The EMerge Alliance Data/Telecom Center Standard creates an integrated, open platform for power, infrastructure, peripheral device and control applications to facilitate the hybrid use of AC and DC power within data centers and telecom central offices.
The Alliance has prepared a list of Frequently Asked Questions about the EMerge Alliance Data/Telecom Standard. If you have questions on topics not discussed in this section, please contact us. Please note that some information about the Data/Telecom Standard may be confidential and for member use only.
The EMerge Alliance Data/Telecom Standard is available to all Governing, Participating and General members of the Alliance. If you would like to receive a full version of the standard, please join the Alliance.
For questions about the Alliance and its mission, please visit our Alliance FAQs section.
- Are you distributing DC power everywhere and trying to replace a building’s AC wiring?
No. The relatively straightforward change in power distribution architecture involves making a single conversion of the data center’s incoming line voltage of AC to 380VDC, and then distributing it directly to rack mounted data/telecom equipment. This approach simplifies the otherwise unnecessarily complex power management provisions generally used in today’s AC-powered data centers. DC power collection and distribution systems simplify the use of locally generated power including PV, wind, fuel cells and other site-based generation and storage devices and/or combinations thereof. See System Graphics.
- Why is the EMerge Alliance Data/Telecom Center Standard set for 380VDC?
380V is the global sweet spot for standardized components with the best balance of economics and safety. These standardized components are commonly used in power supply systems for today’s computers, electric vehicles, solar power, etc. Power distribution at 380VDC has inherent advantages over lower voltages. 380V is the next generation for telecom applications, providing enhanced distribution capabilities, lower equipment costs, and improved sustainability with smaller bus and wire sizes and reduced copper. With today’s personnel and circuit protection technology, DC and AC are on par with each other with regard to safety.
- Does the EMerge Alliance Data/Telecom Center Standard help increase reliability?
Yes. Since DC data center power distribution equipment has fewer components than AC equipment, they suffer fewer heat-related device failures caused by AC to DC conversions. DC can be between 200% and 1000% more reliable than AC, improving data center reliability significantly.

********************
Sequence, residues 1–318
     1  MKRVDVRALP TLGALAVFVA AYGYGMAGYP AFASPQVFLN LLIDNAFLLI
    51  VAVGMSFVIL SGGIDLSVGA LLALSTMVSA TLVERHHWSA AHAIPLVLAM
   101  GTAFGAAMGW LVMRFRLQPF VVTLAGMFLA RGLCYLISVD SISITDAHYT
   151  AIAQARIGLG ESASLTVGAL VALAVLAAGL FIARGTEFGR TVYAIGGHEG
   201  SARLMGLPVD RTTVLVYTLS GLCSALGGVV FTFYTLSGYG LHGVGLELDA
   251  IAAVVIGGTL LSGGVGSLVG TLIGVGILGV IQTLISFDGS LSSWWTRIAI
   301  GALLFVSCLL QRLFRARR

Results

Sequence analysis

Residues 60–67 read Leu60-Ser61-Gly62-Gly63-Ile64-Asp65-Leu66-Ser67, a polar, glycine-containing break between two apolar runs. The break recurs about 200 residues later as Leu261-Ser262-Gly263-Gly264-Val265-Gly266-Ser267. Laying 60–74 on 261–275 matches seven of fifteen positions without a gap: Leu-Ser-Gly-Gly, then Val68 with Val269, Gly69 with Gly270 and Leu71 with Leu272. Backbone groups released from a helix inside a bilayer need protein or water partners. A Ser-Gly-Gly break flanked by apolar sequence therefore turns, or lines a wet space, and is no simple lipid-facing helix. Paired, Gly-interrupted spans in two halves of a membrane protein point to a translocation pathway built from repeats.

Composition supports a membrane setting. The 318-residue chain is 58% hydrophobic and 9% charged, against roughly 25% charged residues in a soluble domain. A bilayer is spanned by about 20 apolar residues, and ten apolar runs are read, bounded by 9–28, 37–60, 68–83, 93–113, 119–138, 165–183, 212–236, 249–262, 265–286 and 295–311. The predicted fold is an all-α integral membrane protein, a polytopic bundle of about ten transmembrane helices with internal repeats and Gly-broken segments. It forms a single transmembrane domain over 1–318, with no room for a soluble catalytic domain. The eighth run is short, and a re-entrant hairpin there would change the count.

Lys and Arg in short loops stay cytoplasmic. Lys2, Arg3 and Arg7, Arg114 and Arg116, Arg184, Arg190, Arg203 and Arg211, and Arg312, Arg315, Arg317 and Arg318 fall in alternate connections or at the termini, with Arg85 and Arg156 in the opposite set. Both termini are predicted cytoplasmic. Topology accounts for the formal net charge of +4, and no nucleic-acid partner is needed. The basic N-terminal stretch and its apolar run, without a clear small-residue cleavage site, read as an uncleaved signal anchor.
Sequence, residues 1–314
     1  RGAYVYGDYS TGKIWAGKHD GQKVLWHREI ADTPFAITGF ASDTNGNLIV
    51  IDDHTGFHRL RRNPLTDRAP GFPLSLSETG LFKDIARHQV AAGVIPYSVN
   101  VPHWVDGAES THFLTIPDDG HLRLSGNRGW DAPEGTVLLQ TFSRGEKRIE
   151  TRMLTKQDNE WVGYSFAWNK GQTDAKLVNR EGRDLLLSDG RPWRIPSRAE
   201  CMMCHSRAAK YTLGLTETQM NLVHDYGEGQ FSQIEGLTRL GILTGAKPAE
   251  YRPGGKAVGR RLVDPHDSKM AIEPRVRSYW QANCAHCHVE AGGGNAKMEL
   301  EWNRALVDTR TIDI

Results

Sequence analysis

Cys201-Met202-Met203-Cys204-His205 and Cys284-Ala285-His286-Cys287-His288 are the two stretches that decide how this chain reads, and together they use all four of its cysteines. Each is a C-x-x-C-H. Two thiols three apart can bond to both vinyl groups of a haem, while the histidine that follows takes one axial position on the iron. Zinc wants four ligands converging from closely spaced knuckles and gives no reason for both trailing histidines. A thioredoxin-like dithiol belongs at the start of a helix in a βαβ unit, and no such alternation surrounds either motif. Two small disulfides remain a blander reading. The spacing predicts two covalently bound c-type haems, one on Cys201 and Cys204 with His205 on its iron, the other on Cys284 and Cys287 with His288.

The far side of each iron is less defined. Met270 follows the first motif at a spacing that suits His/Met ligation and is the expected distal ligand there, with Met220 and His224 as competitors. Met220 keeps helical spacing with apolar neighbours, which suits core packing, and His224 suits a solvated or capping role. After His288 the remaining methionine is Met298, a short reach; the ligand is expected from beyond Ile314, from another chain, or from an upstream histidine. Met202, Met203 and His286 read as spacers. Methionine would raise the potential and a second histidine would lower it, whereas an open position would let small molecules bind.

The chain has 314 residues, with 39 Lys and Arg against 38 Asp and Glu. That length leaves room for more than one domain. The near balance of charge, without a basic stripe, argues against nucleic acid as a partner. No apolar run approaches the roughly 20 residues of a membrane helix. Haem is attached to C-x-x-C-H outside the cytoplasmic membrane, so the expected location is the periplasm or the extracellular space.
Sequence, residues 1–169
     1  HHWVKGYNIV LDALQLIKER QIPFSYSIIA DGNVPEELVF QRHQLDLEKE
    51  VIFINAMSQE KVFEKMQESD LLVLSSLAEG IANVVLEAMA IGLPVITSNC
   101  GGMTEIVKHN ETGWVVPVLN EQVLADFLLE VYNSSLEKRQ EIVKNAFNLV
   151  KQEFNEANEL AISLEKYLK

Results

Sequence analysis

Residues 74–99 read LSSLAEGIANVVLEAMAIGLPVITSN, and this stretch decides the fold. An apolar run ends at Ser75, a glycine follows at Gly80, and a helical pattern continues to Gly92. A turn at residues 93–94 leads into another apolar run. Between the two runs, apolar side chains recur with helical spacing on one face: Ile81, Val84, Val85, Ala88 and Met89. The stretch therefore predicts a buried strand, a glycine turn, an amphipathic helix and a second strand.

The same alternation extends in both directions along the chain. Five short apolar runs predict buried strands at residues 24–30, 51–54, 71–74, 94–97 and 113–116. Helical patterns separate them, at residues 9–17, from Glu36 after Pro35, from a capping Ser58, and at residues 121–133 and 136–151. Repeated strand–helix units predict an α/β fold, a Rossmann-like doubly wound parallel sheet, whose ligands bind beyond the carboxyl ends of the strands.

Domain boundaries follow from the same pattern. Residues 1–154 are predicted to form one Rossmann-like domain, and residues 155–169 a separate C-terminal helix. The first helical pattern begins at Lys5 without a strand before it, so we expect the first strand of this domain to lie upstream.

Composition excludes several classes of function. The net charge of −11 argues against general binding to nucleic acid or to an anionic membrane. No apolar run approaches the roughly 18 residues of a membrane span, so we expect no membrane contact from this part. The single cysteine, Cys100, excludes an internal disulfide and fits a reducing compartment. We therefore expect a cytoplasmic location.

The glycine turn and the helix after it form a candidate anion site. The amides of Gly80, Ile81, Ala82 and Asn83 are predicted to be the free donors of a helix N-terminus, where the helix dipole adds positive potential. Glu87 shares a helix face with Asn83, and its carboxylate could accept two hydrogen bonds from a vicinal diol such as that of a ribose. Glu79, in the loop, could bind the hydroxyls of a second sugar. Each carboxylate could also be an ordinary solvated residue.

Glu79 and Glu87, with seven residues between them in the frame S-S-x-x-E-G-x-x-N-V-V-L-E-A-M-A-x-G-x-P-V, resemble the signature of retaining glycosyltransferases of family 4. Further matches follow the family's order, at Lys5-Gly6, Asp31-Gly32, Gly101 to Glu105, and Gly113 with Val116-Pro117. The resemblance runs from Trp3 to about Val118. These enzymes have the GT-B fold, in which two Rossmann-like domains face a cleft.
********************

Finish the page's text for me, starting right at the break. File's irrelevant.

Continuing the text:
- Can this system help simplify the integration of on-site energy generation and storage?
Yes. By directly utilizing native DC power from on-site sources, such as solar panels, wind turbines, and fuel cells, a DC power collection and distribution system provides a simple and direct delivery of controlled power.
- Isn’t DC less efficient than AC power? Don’t you need bigger wires?
This would only be the case when distributing extremely low voltage DC (or AC) over long distances, but EMerge Alliance standards are not designed or implemented that way. Moreover, 380VDC actually has the advantage over AC in terms of wire loss. In any case, in most building level power distribution systems it is the conversions of AC to DC and DC to AC that waste the most energy. And although voltage conversions waste some energy, the EMerge Alliance Data/Telecom Center Standard reduces the number of these conversions in a data center. Simply put, EMerge standardized DC power distribution reduces net energy loss and thus significantly contributes to improved energy efficiency in data centers.
- Can solar photovoltaic panels be used in conjunction with the EMerge Alliance Data/Telecom Center Standard?
Solar photovoltaic (PV), like most renewable energy sources, produces native DC power. Properly designed, a PV system can deliver its natively DC power directly to the supply bus for the data center with minimal voltage conversion loss. So, in an EMerge Alliance Data/Telecom Standard compliant data center system, the solar PV system can contribute more net energy to the DC bus then to an equivalent AC system which requires an inverter. The Electrical Power Research Institute (EPRI) estimates the efficiency gain for direct use of on-site renewable energy without conversion to AC at 10-15 percent.
- What about cost?
Using DC power distribution reduces the total cost of ownership when equipping, installing and operating a data center. By reducing the investment in infrastructure, maintenance and operating costs, DC power distribution allows a greater percentage of investment to be leveraged with more productive information technology assets.
- Lower infrastructure (including space) and equipment costs (CAPEX): DC Power supplies and distribution gear are simpler and require less space than their AC counterparts. This results in generally lower capital expenditure and installation cost.
- Lower maintenance costs: By significantly reducing the number of power conversions occurring in a data center, DC power distribution reduces overall component content while decreasing the amount of heat generated by the power distribution equipment, which in turn lowers maintenance costs by reducing heat related equipment failures.